Keyboard shortcuts for tech-savvy journalists, no matter if they write code or articles

Rebecca Lai watches me type every letter of a long file name — something like pythonreallylongfilename1234567.py — into Sublime. After the first couple letters, she cannot contain herself.

“TAB COMPLETE! TAB COMPLETE!”

If there's an apt analogy for the way Lai must feel when I forget to tab complete (keep reading if you're unfamiliar with the term) as she helps debug my code, it must be something like this: you're watching over your mother’s shoulder as she begins to Google something. She moves her mouse over to the search box. She clicks in the box to make sure, yes, the cursor is blinking there. She types in a search term. She moves her mouse over to the “search” button. Then, finally, she clicks. Sweet release.

Why? Why would you do that?

Because she doesn't know any better. And sometimes neither do I.

Some bits of wisdom are learned out of necessity, like when you've pored over your Macbook keyboard only to realize there’s no PrtScn key like you’d find on a PC ( + + 3 or 4, if you want just a selection of the screen). Others are barked at you until you comply.

The thing with keyboard shortcuts is that sometimes, you don’t even think to figure out if one exists. Tab completion is a good example. Microsoft Word doesn’t let you tab to complete a word or phrase just because you’ve already established it in your header. But Sublime Text does; you'd just never know it unless someone told you.

Of all the keyboard shortcuts that exist, the ones below are what I’ve found to be the the most valuable, especially for someone constantly switching between editing articles and editing code.




















Shortcut Why you need it Works in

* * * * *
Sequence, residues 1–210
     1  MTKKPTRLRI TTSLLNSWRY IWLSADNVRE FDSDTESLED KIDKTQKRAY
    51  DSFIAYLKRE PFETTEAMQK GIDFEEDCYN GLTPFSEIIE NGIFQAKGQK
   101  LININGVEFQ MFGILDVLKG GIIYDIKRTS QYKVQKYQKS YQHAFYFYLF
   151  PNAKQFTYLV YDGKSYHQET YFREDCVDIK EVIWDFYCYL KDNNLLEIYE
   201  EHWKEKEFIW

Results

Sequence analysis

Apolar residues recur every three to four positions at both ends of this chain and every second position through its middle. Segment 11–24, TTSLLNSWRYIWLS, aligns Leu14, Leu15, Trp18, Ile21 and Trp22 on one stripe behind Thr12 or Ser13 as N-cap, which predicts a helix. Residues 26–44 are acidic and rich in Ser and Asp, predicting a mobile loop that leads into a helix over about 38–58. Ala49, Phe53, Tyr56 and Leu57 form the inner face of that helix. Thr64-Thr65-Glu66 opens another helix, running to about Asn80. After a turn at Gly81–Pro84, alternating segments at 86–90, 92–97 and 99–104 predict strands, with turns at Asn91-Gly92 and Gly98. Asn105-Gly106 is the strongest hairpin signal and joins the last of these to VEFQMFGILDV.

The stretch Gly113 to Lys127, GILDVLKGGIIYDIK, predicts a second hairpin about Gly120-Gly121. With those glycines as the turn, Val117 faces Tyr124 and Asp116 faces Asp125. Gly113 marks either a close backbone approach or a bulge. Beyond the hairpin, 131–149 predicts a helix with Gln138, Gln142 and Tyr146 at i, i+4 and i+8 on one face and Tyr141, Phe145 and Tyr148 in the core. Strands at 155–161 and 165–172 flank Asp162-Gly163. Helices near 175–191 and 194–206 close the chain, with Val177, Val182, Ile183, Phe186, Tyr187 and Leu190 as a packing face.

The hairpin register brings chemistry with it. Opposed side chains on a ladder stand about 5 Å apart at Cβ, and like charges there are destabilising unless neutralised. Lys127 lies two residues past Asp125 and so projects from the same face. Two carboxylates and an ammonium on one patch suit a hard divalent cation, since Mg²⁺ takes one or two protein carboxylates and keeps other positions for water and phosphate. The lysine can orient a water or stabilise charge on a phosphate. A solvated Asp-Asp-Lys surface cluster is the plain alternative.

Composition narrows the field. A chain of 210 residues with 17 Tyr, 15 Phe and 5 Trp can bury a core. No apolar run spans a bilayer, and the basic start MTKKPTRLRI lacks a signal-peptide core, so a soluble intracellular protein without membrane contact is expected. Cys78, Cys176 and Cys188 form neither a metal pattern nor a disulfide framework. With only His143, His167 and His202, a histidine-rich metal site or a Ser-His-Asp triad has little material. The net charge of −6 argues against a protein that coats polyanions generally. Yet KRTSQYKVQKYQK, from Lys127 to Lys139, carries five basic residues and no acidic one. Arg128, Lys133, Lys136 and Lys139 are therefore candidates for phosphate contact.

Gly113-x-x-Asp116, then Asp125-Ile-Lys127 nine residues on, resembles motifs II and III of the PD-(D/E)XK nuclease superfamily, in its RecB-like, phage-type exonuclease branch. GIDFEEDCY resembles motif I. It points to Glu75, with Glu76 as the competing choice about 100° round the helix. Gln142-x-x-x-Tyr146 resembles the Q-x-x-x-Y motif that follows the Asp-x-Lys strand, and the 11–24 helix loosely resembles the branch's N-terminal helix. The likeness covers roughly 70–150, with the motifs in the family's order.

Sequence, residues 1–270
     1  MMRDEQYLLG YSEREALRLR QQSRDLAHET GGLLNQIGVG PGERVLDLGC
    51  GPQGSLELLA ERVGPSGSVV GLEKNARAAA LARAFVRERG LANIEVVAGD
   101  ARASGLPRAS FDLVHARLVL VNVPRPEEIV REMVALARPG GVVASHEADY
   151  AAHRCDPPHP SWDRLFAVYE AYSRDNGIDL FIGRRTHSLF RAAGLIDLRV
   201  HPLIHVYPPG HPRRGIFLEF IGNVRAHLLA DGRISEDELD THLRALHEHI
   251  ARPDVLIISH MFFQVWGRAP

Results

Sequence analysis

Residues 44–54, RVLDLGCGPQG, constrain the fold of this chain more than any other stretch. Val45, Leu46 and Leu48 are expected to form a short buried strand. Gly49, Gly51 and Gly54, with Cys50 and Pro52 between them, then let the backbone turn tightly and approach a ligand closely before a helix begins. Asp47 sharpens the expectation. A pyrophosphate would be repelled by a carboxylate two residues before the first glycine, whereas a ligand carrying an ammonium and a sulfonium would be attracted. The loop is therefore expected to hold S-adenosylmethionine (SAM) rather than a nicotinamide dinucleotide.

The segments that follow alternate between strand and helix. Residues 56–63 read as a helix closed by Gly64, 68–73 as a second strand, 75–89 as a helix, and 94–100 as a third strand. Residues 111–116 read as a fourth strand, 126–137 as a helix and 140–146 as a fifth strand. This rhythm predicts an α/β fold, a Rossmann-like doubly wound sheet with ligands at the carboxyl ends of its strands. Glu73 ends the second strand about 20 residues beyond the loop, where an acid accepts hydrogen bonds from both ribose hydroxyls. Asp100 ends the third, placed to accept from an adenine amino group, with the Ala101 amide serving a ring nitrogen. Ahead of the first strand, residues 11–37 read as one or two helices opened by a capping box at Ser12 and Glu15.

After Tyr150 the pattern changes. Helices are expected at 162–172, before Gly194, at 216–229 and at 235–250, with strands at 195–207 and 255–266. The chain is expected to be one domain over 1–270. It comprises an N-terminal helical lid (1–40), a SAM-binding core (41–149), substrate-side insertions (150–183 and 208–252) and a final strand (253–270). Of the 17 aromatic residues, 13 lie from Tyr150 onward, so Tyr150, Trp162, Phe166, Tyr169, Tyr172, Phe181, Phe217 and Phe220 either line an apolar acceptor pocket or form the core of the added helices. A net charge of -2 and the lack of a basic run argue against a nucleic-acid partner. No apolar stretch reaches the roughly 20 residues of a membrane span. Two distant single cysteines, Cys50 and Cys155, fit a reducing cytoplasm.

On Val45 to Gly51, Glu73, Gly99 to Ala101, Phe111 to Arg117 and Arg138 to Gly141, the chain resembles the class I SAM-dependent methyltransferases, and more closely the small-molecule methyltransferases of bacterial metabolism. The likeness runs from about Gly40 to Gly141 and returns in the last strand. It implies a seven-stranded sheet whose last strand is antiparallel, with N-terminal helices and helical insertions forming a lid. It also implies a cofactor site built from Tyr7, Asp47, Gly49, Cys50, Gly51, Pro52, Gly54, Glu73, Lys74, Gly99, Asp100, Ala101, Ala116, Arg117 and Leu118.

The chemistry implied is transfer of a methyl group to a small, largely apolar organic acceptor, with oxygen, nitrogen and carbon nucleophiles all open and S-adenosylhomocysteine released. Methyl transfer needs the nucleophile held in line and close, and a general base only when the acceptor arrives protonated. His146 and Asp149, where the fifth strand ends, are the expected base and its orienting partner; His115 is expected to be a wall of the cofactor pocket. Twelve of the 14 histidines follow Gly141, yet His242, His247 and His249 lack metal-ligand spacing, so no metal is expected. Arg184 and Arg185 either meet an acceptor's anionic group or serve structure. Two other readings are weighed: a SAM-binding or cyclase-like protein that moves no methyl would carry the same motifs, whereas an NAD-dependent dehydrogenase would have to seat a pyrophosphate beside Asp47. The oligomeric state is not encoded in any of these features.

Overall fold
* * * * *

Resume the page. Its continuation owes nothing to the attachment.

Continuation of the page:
Tab Let the computer finish that string for you. Terminal, Sublime
+ / Is this the offending bit of code? Or this? Comment out all the lines at once. Sublime
To avoid rewriting the command you just wrote, use the up arrow. Keep pressing up to bring up even older commands you wrote. Terminal
+ C You’re probably thinking “duh, everyone know how to copy text.” You might be pleased to know, however, that if you don’t have text highlighted, this shortcut will copy the current line your cursor is on. Sublime
+ X If you don’t have any text highlighted, this shortcut will cut the current line your cursor is on. Sublime
+ D Select the current word your cursor is on. Sublime, word processors
Option + / Move cursor to beginning or end of word. Sublime, word processors
+ / Move cursor to beginning or end of current line. Sublime, word processors
Alt + Shift + / Select text a word at a time. Sublime, word processors
Shift + / Select text a character at a time. Sublime, word processors
+ Shift + / Select text from current cursor position to beginning or end of current line. Sublime, word processors
+ Shift + / Select text from current cursor position to beginning or end of document. Sublime, word processors
Esc + B / F Move cursor from argument to argument. Terminal
Control + A / E Move cursor to beginning or end of command. Terminal
Control  + U Clear line. Terminal
Control + W Delete word before cursor. Terminal

Keyboard shortcuts longer than two keys at a time have taken me a little more practice than others to program into the brain hardware. But as numerous journo-hackers have told me, they always appreciate a savvy individual who knows his or her away around a computer, and that includes being able to navigate text editors without relying on clicks. Plus, I welcome anything that saves me from the awkward moments of silence between a mentor and me as I struggle through demonstrating broken code.

Have a few tricks of your own? Share them in the comments.

About the author

Suyeon Son

Undergraduate Fellow

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